Hurricane Relief and the Open Source Citizen Brigade
Submitted about 2 years Ago
Open Source Hurricane Relief
My goodness it has been quite a season of weather events. As I write this, we have seen a series of record breaking hurricanes - Harvey, Irma, Maria - and two serious earthquakes. I will leave the climate change debate for another time (one word: duh).
For the first major weather event of this season, Hurricane Harvey, I watched from afar. While I don't have family in the Houston area we are having some business discussions with folks there. My thoughts were with them and their neighbors as the hurricane hit and the massive flooding ensued.
Next, Hurricane Irma. She starting heading towards Florida after nearly decimating the Caribbean. This time I couldn't just stand by and watch. It didn't seem practical to head down to Florida to help since much of the state was evacuating.
Programmer Volunteers Send Code
Perfect timing! I saw this in my inbox from Code for America ...
"Hurricane relief efforts shift from Harvey to Irma: What's happening"
"Sketch City, Houston's Code for America Brigade, turned its attention to Florida as Hurricane Irma made landfall. Volunteers from around the country, including from Code for Miami, Code for Fort Lauderdale, Code for Orlando, are pouring resources into Irma Response and repurposing tools used in Houston to help those affected by Hurricane Harvey. Join the slack channel to help out remotely."
So I joined in, and played a small part in helping, from my desk. I helped create tools for food distribution.
This was incredibly eye opening. It was so amazing to see this unfold. As it became clear that Irma was headed directly for Florida, these citizen brigades started mobilizing. Some of them were local folks who were grabbing connectivity where they could.
What became clear is that many of the technology tools and code from Hurricane Harvey could be repurposed. Code was forked, copied from previous open source Harvey repositories. Slack channels were established. PRs were submitted, reviewed, and merged at lightning speed. At one point the volunteers, for this group all working online, were so eager to help that issues were being claimed as quickly as they were posted. One team was working on a central API information service for shelter updates that fed various other applications. Another team was working on alerts for services. Another, an online Have food / Need food distribution system.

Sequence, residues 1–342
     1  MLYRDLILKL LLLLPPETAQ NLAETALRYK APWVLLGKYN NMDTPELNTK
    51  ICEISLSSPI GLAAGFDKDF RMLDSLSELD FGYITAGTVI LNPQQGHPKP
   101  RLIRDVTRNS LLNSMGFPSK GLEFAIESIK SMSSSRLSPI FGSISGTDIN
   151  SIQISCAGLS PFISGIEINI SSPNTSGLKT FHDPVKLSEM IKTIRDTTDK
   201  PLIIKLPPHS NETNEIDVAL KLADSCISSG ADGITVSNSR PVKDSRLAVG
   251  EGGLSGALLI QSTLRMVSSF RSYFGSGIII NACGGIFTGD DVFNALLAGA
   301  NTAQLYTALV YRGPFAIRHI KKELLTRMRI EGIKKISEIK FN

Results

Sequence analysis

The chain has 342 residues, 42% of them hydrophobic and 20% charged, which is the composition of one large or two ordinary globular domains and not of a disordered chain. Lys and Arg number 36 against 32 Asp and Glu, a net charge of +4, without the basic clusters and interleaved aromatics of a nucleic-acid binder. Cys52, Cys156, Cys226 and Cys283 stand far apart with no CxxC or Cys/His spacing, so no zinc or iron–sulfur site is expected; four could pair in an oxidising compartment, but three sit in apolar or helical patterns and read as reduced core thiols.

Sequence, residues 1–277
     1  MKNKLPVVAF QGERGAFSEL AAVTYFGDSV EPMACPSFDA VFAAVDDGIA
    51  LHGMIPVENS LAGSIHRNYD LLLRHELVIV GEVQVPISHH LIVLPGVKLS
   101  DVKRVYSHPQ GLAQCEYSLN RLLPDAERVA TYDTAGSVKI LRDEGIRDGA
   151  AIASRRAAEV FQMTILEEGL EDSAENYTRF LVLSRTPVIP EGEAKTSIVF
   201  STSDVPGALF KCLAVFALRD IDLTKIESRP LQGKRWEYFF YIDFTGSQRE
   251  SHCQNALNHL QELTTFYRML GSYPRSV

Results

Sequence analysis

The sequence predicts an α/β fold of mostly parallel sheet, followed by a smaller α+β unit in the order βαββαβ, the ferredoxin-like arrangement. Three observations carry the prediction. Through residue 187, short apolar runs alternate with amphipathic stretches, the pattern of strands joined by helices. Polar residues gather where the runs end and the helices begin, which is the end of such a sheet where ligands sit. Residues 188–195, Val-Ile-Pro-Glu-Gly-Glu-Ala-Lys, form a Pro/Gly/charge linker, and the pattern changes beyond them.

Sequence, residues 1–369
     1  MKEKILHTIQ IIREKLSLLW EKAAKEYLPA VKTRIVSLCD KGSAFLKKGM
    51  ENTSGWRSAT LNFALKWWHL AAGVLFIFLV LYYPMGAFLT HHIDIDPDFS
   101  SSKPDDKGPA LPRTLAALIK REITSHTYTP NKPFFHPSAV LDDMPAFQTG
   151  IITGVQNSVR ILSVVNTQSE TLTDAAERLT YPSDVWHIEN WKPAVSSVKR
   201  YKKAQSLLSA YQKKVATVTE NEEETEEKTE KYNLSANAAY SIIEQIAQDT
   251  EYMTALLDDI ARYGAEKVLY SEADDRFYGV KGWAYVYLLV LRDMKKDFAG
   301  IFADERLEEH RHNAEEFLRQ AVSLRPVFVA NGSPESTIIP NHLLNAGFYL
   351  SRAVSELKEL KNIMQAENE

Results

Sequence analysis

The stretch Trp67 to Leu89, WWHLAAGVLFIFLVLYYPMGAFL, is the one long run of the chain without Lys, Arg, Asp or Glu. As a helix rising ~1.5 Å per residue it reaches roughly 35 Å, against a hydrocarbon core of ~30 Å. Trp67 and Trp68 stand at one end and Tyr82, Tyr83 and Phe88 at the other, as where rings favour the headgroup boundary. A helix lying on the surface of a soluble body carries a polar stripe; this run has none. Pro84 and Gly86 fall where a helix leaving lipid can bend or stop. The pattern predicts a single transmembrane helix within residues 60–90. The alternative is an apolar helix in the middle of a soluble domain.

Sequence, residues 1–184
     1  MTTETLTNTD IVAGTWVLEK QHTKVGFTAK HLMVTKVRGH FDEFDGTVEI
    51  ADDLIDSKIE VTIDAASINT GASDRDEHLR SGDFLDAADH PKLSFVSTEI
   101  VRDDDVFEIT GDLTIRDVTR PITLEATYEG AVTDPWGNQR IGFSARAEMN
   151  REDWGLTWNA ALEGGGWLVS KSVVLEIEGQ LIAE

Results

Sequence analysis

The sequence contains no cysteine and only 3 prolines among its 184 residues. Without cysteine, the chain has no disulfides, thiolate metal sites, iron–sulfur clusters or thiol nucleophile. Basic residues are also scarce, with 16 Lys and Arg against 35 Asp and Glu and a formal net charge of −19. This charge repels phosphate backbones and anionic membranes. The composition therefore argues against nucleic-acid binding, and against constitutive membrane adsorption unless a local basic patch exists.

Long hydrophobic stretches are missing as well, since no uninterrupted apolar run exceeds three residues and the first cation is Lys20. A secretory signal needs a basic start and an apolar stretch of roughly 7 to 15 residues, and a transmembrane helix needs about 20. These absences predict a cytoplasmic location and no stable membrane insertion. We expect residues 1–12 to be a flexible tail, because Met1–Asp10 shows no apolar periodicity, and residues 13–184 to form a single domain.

As the news continued to be bad, and the hurricane actually hit Florida, the volunteer activities moved onto helping with Shelters and Disaster Redeployment. Local members that went quiet were hopefully heard from again, all ok. There was a Slack channel for mental-relief. Pictures of cakes with hurricane messages were offered as a way to release some of the tension. I learned people in Florida have an impressive sense of humor. My favorite was the video of the "trash can race" as they seemingly raced each other under their own power down the street (regrettably, been taken down for copyright).
Open Source Relief Efforts
What was so amazing to me was how this effort came together incredibly quickly and how people were contributing from all over the country, and maybe the world. Many were gathering in groups in their home location to work remotely. Glad to see SF step up for this! It expanded beyond programmers. At one point, a drone company from Miami came onto Slack and offered to upload landscape pictures from their drones to aid data collection and recovery efforts.
In the midst of all this tragedy, feeling that you are able to help in some way beyond just giving money is very welcome. To see this citizen brigade mobilize was truly spectacular and wonderful.
I read there were 700 people helping through this online effort "How 700 volunteer hackers across the U.S. came together to aid Irma relief" Article Here
Shortly after, as Hurricane Maria made her presence known, these volunteers began to focus on that. Open source code to the rescue again. Since Puerto Rico is without power as I write this, the main suggestion was to donate. And the brigade began to help again. The power of open source code.